Gilead Sciences (NASDAQ:GILD) failed to impress investors with its latest earnings report released on Oct. 24. Not only did the company's revenues remain pretty much flat compared to the year-ago period, but the pharma giant's GAAP net income of more than $2 billion in Q3 2018 turned into a net loss this time around. This is nothing new for Gilead: The company has been struggling mightily over the past few years as its hepatitis C business is not performing nearly as well as it used to. Gilead's shares have been on a downward spiral since mid-2015. Perhaps the sole bright spot of the company's business, though, is its HIV lineup. 

Passing of the torch

During the third quarter, sales of Gilead's Hepatitis C Virus (HCV) were $674 million, compared to $902 million in the third quarter of 2018, which amounts to a decline of about 26% year over year. The company blamed "competitive dynamics" for the decline in its HCV sales.

By contrast, revenues from its HIV products went in the opposite direction, up 13% year over year. It is important to note that sales of its HIV products, the main one being Biktarvy, now account for the majority of Gilead's revenues. During the third quarter, they made up around 76% of the company's total product sales. Perhaps Gilead's growing HIV sales will carry the torch from here on out and prevent the company from posting perpetually poor revenue figures.

person holding the HIV symbol

Image Source: Getty Images

More to come?

There are other modest signs that things are looking up for Gilead. First, the company's drug Descovy -- which was already approved to treat certain types of HIV -- received another approval from the U.S. Food and Drug Administration (FDA), this time for the prevention of HIV among adults and adolescents who may be exposed to it. Descovy is only the second HIV prevention medicine to be approved by the FDA (the first one was Truvada, which is also part of Gilead's lineup). 

However, a major caveat is in order. The U.S. government recently filed a lawsuit against Gilead on the grounds that the company's HIV prevention drugs, Truvada and Descovy, infringe on patents held by the Department of Health and Human Services (HHS). According to the HHS, Gilead benefited from the groundbreaking work done by the Center for Disease Control and Prevention (CDC) -- which pioneered research on HIV prevention -- but has repeatedly refused to reach a licensing agreement, despite "multiple attempts" at doing so.

For its part, Gilead insists that the patents held by the HHS are not valid, but depending on the outcome of the lawsuit, the company may be ordered to pay financial compensation (perhaps in the form of royalties) to the HHS. It is, at this point, difficult to assess what impact this will have on the company's earnings, and investors should pay close attention to this story as it develops.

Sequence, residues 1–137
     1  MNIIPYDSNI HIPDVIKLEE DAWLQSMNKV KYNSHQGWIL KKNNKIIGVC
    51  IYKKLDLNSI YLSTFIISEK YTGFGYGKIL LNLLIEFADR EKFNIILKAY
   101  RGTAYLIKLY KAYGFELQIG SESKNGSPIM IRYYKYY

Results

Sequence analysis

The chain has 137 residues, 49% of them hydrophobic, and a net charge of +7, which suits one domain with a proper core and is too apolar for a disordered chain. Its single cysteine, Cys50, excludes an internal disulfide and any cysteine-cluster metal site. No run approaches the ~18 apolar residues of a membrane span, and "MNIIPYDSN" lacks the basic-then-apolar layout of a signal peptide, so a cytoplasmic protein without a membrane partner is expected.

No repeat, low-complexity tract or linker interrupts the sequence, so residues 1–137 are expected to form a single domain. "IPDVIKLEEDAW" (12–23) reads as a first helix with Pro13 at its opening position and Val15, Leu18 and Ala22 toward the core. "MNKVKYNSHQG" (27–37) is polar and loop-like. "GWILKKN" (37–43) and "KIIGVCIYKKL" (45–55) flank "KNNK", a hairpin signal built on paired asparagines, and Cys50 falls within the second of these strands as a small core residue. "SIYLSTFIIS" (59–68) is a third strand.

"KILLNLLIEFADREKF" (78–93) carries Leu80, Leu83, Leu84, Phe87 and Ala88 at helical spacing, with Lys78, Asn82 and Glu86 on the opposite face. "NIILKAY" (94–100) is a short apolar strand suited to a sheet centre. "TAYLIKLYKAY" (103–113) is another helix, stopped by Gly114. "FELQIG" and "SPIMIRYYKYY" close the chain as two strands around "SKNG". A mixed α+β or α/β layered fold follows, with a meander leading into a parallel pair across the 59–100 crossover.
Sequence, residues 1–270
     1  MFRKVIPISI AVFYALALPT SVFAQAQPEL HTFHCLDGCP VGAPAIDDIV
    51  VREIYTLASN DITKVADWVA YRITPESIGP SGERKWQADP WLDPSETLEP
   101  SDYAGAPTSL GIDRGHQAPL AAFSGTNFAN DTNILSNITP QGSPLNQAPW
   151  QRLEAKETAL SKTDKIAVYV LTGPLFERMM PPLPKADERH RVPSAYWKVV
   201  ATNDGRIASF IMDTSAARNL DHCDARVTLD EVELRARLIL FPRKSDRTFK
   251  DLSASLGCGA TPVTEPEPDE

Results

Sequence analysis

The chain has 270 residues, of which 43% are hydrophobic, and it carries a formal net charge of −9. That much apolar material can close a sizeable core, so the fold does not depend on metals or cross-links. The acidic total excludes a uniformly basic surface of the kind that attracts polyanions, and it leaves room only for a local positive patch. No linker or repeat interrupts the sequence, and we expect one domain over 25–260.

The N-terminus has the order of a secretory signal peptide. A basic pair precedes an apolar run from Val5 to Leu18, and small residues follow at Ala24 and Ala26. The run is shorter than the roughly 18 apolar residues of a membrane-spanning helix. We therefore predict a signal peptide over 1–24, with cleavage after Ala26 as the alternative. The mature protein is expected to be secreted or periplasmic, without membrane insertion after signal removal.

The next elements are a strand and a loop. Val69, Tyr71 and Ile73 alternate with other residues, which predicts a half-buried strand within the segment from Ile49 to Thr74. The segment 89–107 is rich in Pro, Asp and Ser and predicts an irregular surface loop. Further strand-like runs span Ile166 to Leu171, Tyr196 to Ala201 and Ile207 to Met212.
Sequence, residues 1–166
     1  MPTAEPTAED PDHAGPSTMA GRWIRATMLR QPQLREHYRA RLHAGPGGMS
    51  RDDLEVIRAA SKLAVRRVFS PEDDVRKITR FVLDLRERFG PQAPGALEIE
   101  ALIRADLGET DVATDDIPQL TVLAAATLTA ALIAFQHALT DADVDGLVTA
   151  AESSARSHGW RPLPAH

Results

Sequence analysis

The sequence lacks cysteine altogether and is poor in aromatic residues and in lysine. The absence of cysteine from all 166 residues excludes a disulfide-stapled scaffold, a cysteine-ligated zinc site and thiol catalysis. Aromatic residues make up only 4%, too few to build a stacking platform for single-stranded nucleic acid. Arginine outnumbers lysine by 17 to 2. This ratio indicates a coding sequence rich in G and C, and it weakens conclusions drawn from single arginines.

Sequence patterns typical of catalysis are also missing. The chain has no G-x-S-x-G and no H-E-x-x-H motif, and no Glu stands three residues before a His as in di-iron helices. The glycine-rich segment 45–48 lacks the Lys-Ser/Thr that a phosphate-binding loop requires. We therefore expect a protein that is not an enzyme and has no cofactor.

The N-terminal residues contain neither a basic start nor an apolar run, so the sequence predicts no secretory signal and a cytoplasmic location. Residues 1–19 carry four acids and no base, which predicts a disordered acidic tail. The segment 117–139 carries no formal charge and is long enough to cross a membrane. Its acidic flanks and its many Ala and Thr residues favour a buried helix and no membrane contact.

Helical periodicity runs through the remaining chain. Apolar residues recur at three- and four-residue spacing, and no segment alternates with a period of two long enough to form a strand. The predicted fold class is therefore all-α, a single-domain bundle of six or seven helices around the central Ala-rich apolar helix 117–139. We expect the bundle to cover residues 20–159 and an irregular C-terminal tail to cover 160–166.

Second, the company's pipeline includes other HIV-focused medicines, although most of them are still in the early testing phase. Investors can also rejoice at the fact that Gilead slightly modified its guidance for the full year. The company had originally announced its total sales would fall between $21.6 billion and $22.1 billion, but Gilead now expects its product sales to be between $21.8 billion and $22.1 billion. 

Beyond HIV

Gilead's GAAP net loss was probably due to its substantial research and development spending which, for the third quarter, increased by more than 400% year over year. Where is all this money going? The main culprit is likely Gilead's collaboration with Galapagos. Gilead recently made a $5.1 billion investment in the Belgian pharma company, and per the agreement (which is for 10 years), Gilead will gain access to Galapagos' portfolio of compounds.

This wasn't the first time these two companies partnered up: In late 2015, they entered into a partnership to develop medicine for the treatment of arthritis and other inflammatory diseases.

Galapagos' lineup of compounds could help Gilead find more products with which to generate revenues, thereby decreasing its top line exposure to its HIV lineup. The company's R&D expenses also went into the development of its oncology program. With all these opportunities, Gilead seems enthusiastic about its future.

CEO Daniel O'Day said:

I'm increasingly optimistic about the future and believe we are well positioned as we enter the last part of the year and look ahead to 2020 and beyond. We will continue to build on our success as we replenish the pipeline and bring the next wave of transformational advances to patients. 

Gilead may be down, but it isn't out yet. While the future of the company is still a bit murky and uncertain, those looking to invest in pharma stocks would do well to keep an eye on this one.